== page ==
Answer to Question #38141 in Organic Chemistry for 123

Question #38141

I have a problem with understanding those mechanisms for organic compounds. I don't know how to differentiate between an electrophilic, nucleophilic and free radical reaction! They all sound so similar to me! And I don't know when and how every reaction starts out.

Can you please help me out with this?

Expert's answer
Electrophilic reaction occurs when the electron-deficient particle (usually positively charged) attacks some standard electron-rich substrate. For example the nitration of benzene ring and the Friedel - Crafts reaction can be described as the aromatic electropfilic substitution.
Nucleophilic reaction takes place when the standard electron-deficient substrate (either positively charged on uncharged) is attacked by the electron-rich particle. The addition of methyllithium to ketones and the hydrolysis of chloroanhydrides are examples of nucleophilic reactions.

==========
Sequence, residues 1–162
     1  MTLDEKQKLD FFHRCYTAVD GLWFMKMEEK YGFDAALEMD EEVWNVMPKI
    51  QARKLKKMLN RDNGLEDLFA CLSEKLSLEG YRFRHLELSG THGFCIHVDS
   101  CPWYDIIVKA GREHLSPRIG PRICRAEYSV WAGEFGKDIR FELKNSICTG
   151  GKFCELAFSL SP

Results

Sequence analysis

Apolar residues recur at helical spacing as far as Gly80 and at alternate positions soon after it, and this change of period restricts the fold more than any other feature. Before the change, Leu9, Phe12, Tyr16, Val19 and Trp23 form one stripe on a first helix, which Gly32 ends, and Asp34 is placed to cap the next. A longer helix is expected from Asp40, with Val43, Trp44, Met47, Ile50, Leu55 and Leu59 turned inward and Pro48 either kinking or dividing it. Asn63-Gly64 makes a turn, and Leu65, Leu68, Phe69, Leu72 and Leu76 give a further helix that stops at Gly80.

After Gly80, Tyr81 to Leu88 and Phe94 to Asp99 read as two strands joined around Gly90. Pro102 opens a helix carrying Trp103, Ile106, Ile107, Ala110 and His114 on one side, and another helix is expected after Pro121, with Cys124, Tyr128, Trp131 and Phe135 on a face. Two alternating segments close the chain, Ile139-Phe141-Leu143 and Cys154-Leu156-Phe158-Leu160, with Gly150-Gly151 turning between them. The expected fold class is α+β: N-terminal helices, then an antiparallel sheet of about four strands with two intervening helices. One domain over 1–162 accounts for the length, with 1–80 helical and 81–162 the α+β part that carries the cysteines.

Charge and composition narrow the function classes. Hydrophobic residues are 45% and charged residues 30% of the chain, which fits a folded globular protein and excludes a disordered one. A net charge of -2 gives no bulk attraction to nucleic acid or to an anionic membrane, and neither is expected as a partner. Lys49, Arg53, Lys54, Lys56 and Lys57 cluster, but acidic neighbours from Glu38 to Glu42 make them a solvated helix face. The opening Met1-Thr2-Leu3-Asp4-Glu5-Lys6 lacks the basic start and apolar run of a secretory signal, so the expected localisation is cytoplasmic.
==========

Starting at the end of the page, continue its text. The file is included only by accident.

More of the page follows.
Generally the attribution of the reaction to nucleophilic or electrophilic mechanism depends on the substrate which we decided to appoint as the main one. Nevertheless this terms are popular in case of description of several similar processes.
The radical process unlike electrophilic and nucleophilic reactions usually take place in case of uncharged particles with unpaired electrons. Basically, the radical process occurs as the chain reaction, in which the one free radical (a particle with unpaired electron) enters the reaction, and the another free radical yields.

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